It all started with the rescue of Bear Stearns. The government's reckoning that the foundational principles of our economic system could be ignored, just this once, was a colossal blunder. Now we have full-blown bailout mania.
Failure is as integral to the functioning of free markets as success. It is through failure that the outmoded or poorly performing are weeded out, making way for more dynamic players to take their place. It is the threat of failure that automatically rationalizes avoidance of excessive risk and does so much more efficiently than regulation ever could.
Don't forget that it was politicians who passed laws discouraging the credit checking of loan applicants and threatened banks that lacked enough high-risk loans on their books. It was politicians who created Fannie Mae and Freddie Mac to backstop questionable lending practices, allowed them to under-collateralize their liabilities, and ignored their obvious excesses. The low interest rates mandated by the Federal Reserve further inflated housing markets, and the rest is history.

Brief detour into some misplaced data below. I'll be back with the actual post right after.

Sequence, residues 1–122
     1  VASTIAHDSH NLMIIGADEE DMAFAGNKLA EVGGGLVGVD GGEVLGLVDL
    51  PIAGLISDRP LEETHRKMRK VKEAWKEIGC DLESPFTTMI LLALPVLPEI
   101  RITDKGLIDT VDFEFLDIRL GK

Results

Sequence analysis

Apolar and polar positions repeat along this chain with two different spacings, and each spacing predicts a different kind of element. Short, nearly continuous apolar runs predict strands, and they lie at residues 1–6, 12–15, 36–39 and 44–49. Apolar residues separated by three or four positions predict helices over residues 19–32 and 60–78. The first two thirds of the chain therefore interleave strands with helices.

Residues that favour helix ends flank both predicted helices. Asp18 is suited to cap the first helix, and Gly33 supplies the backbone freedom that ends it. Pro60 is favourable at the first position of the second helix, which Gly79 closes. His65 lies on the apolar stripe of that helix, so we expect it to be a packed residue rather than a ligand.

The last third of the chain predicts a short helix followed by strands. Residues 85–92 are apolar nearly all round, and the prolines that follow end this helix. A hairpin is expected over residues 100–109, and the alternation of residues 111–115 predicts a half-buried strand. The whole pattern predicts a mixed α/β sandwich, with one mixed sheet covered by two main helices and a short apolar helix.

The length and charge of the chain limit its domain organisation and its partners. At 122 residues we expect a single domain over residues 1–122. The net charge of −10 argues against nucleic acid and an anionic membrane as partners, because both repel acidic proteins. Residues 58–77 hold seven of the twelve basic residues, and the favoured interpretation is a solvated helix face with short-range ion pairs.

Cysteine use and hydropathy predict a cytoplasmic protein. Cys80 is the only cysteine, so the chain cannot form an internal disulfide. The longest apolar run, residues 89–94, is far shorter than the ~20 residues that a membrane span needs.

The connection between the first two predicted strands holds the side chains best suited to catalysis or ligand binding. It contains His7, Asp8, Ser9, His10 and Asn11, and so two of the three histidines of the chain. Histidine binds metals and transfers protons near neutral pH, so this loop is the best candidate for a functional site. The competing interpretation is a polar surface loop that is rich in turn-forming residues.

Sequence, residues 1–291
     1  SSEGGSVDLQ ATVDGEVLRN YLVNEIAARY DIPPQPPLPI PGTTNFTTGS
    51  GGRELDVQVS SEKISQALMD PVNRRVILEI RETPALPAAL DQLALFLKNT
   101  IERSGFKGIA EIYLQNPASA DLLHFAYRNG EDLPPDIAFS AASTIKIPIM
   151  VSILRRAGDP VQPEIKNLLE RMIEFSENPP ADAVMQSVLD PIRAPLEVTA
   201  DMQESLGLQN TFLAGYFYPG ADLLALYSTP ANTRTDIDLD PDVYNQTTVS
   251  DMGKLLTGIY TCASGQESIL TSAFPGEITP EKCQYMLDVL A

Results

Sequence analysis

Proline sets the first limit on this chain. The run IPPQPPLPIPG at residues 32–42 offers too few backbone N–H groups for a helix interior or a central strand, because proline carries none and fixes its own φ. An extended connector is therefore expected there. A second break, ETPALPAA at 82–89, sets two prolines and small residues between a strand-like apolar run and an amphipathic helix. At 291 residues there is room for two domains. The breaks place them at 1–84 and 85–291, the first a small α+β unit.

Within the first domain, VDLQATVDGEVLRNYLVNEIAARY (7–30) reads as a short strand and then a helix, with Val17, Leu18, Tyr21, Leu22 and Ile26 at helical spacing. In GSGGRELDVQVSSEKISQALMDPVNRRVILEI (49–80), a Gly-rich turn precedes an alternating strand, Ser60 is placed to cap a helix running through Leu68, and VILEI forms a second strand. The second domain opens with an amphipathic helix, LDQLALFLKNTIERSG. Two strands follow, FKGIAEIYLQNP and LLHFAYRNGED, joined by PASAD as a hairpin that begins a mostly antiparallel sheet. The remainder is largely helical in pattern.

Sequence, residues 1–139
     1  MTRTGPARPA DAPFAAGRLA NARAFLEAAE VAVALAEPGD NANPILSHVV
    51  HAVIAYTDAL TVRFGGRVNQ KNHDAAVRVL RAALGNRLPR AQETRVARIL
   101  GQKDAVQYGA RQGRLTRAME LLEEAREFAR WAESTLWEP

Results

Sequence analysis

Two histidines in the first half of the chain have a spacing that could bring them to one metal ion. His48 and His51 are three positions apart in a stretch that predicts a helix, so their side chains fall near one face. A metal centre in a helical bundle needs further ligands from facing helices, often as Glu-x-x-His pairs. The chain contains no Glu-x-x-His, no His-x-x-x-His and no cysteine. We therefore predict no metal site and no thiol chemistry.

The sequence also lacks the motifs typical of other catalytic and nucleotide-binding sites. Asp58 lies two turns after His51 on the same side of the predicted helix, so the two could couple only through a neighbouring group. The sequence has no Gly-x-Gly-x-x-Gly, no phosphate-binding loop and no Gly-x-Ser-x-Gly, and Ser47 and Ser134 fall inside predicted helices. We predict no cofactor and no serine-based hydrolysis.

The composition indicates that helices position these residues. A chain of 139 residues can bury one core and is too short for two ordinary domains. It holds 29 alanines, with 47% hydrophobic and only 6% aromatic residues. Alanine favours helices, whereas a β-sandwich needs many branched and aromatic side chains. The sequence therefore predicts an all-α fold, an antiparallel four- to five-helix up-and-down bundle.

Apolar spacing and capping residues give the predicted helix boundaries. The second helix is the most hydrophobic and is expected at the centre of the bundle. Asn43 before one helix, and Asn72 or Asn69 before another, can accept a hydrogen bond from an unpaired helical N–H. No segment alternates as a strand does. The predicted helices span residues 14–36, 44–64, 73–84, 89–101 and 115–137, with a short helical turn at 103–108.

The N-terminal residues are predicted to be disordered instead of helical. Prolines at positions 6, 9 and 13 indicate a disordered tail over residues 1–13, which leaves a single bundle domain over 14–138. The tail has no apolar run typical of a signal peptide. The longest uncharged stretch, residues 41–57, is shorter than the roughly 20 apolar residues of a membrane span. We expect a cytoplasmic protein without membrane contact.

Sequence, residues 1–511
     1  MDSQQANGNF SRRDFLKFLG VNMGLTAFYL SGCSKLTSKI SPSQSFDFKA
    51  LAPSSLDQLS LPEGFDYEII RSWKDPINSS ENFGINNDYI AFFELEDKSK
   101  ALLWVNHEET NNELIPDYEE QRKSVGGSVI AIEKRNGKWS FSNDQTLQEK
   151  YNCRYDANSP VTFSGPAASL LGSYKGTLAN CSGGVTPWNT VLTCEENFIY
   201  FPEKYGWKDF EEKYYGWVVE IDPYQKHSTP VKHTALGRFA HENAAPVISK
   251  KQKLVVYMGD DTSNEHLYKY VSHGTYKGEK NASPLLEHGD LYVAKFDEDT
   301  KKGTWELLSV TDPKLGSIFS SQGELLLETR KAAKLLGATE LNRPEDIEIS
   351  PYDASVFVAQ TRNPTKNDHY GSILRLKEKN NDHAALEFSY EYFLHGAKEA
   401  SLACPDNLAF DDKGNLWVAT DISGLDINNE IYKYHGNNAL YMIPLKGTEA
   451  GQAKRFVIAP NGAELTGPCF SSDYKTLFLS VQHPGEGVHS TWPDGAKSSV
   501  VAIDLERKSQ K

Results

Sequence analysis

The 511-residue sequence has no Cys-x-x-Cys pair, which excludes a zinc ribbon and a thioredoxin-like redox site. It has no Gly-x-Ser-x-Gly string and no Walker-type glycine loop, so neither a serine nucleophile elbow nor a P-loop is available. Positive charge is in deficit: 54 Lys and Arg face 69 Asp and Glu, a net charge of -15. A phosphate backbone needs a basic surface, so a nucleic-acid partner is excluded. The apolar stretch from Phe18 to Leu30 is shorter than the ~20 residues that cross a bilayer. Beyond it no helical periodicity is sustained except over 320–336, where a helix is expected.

Of course, perpetrators such as Sen. Chris Dodd and Rep. Barney Frank dismiss any notion that they could share some blame. Instead, they're demanding more regulation of financial institutions. But excessive regulation will drive capital out of the country when we need it most.
No revenue increases are contemplated to cover the massive new obligations, $1 trillion or more, being transferred from imprudent banks and mortgage holders to taxpayers. So like entitlement spending, earmarks, and everything else we don't have the decency to pay for ourselves, we're going to add to the national debt, kick the can down the road, and hope our children and grandchildren can figure something out.
Tom Patterson is Chairman of the Goldwater Institute, former state Senate Majority Leader, and an emergency room physician. A longer version of this article originally appeared in the East Valley Tribune.
Reuters: Fed comes to Bear Stearns' rescue
Investors Business Daily: The Real Culprits In This Meltdown
MarketWatch: Rep. Frank says markets need more regulation